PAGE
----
Former NASA physicist talks about Brewhouse’s out-of-this-world success
Maybe beer making is rocket science.
After all, Pete Johnson was a physicist working on the space shuttle before he and others started the Brewhouse.
He went from working for NASA to keeping customers happy at a Funk Zone restaurant known for its home-crafted beers, cocktails, local wines, burgers, pastas, steaks, bratwurst sausages, seafood and more. Prices range from $2.50 for the Oyster Shooter to $29 for the 22-ounce Porterhouse, with many items in the $10 to $25 range.
Today, Mr. Johnson, 65, whose career went from astronomical to gastronomical, is happy in his down-to-Earth job.
“I love making beers, and I love sitting around and talking to people about beer,” the easygoing restaurant co-owner told the News-Press recently during lunch as customers sat down on the patio and at the bar.
“I think the food has always been really good. It’s just a fun, relaxed place to hang out,” said Mr. Johnson, whose ales include a deep amber one called — what else? — Rocket Science Red.
The Brewhouse will celebrate its 22nd anniversary May 25-29 with a $7.99 burger-and-beer special.
The restaurant with out-of-this-world beers is known for being packed.
“A lot of local fishermen hang out here because we’re not that far from the harbor,” Mr. Johnson said.
Bar manager Maria Yapur said customers feel at home at the Brewhouse.
“It’s their living room. They come in, and they see their buddies,” Ms. Yapur told the News-Press at the bar as a couple men drank beers and clinked glasses.
The customers’ enthusiasm and the upcoming 22nd anniversary celebration mark the latest chapter in the life of Mr. Johnson, the scientist-turned-brewer.
He earned his master’s in physics in 1977 at Kent State University in Ohio.
“I worked in Houston for six or seven years on the guidance system for the space shuttle,” he said.
“I came to California to work at Lockheed in Burbank on various defense projects that remain classified, but one year in Burbank was enough,” said Mr. Johnson, who found Santa Barbara was a better fit for his idea of the California dream. He began working at General Research in Goleta.
The Santa Barbara resident discovered homebrews during a backpacking trip with his brother in the late 1980s in Northern California. They stumbled onto a magazine article listing brewpubs and microbreweries that were on their travel route.
“We stopped at those places, and I developed a taste for this type of beer,” said Mr. Johnson, whose enthusiasm grew when he got a bottle of a homebrew made by a fellow scientist at General Research.
In 1998, Mr. Johnson became involved with his first restaurant, one with a microbrewery, when he, chef Gary Jacobson and Barbara Long were among the partners who started the Brewhouse.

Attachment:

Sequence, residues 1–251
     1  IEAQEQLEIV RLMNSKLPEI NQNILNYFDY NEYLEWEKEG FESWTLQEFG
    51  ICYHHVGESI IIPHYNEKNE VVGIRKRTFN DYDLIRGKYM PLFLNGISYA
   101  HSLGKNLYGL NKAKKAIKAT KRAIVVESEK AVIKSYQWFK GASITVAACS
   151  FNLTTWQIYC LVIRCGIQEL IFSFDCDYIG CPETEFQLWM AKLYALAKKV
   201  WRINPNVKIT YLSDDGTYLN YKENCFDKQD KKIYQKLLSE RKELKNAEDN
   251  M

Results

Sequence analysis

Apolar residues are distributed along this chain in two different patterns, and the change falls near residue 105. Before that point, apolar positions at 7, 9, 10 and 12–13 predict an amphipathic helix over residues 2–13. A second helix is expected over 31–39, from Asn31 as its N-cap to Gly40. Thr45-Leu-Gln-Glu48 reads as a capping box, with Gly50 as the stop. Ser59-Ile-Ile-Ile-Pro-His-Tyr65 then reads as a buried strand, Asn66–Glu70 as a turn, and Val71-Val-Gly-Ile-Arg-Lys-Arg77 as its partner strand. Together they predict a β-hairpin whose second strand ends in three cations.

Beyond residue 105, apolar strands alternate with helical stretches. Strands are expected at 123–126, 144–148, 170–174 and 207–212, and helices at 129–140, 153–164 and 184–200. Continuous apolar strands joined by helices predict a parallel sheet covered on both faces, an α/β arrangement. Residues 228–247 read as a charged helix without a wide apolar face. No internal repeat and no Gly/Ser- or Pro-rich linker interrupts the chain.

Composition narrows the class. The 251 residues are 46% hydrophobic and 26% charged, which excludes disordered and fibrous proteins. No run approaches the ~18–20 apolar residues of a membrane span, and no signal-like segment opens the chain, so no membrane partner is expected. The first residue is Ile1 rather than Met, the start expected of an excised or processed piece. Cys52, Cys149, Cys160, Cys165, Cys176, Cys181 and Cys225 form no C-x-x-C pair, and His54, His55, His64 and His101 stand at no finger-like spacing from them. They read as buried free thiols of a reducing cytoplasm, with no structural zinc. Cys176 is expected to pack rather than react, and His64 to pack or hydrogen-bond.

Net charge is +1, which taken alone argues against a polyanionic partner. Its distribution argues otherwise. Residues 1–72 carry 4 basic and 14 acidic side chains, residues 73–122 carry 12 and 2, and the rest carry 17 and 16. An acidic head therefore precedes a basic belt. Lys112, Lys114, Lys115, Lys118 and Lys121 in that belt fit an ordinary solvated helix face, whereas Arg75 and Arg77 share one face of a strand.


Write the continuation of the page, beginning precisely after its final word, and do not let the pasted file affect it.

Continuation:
“Everybody who works on the beer and who has assisted me genuinely cares about the beer. I think that’s true of almost every microbrewery,” Mr. Johnson said.
He said the Brewhouse’s most popular beer is its West Beach IPA. “I think almost every brewery in California would say their IPA is their most popular beer.
“People have developed a taste for hops, and the more hops you put in, the better,” Mr. Johnson said.
Besides the West Beach IPA, the Brewhouse’s ales vary from the Nirvana Pale Ale, described to have a West Coast style, to the Motivation Destroyer IPA, which has tropical and citrus notes.
Mr. Johnson sighed with a smile as he discussed Belgian ales that he named “Saint Barb” in honor of St. Barbara. They’re brewed in the Belgian monastic tradition, and the notes in the lineup vary from raisin and chocolate to citrus and honey.
“In Belgium, they treat beer the way the French do wine. It’s part of their culture,” he said.
Mr. Johnson said his beers pair well with Brewhouse’s food, in much the same way as wines. “You use the lagers in the way you would white wine, and ales, the way you use red wines. Ales are more robust and full-flavored and can hold up to hearty meats.”
Speaking of which, Mr. Johnson is a big fan of his restaurant’s cheeseburgers.
“We sell more cheeseburgers than anything else,” he said. “I could live on that and eat that seven days a week if my doctor would let me.”
For the News-Press photo shoot, Jamie Jacobson, the restaurant’s general manager and Chef Jacobson’s daughter, brought out the Western BBQ Burger, which features a beef patty topped with barbecue sauce, smoked bacon, cheddar and an onion ring on a brioche bun.
The Brewhouse also sells its Mint Lamb Burger and Vegetable Burger, as well as sandwiches varying from Grilled Chicken to the Santa Barbara Cheese Steak.
Mr. Johnson is a big fan of Brewhouse’s salmon that has a crust created from the potato chips made in the restaurant.
“The potato chip crust gives it a nice crust and saltiness that I think complements the salmon, which is usually local and fresh,” he said.
Mr. Johnson noted the kitchen also does a great job with its Pan Seared Ahi, which comes with wasabi sesame soy sauce over creamy risotto and steamed spinach. “It’s always a tasty fish.”
Mr. Johnson said he enjoys the Bacon Wrapped Filet Mignon. “The filet is always a great cut of meat. I like my steaks. And if you put bacon on anything, it makes it better.”
He added that he likes the restaurant’s creative twist with its Jerk Chicken.
“It’s Jamacian style and comes with mango salsa,” Mr. Johnson said, noting that the spicy dish isn’t very hot. The dishi also has rosemary new potatoes and sugar snap peas.
Besides its human customers, the Brewhouse welcomes dogs at its patio, where the canines can enjoy dishes from a menu just for them. Choices vary from a burger on whole wheat toast points to steak bites, a warm chicken breast cut into strips and dog biscuits with beef gravy.
Mr. Johnson said the marrow bone is popular.
“Your dog can take a while to eat that while you have time to chat with your friends and have a beer or two.”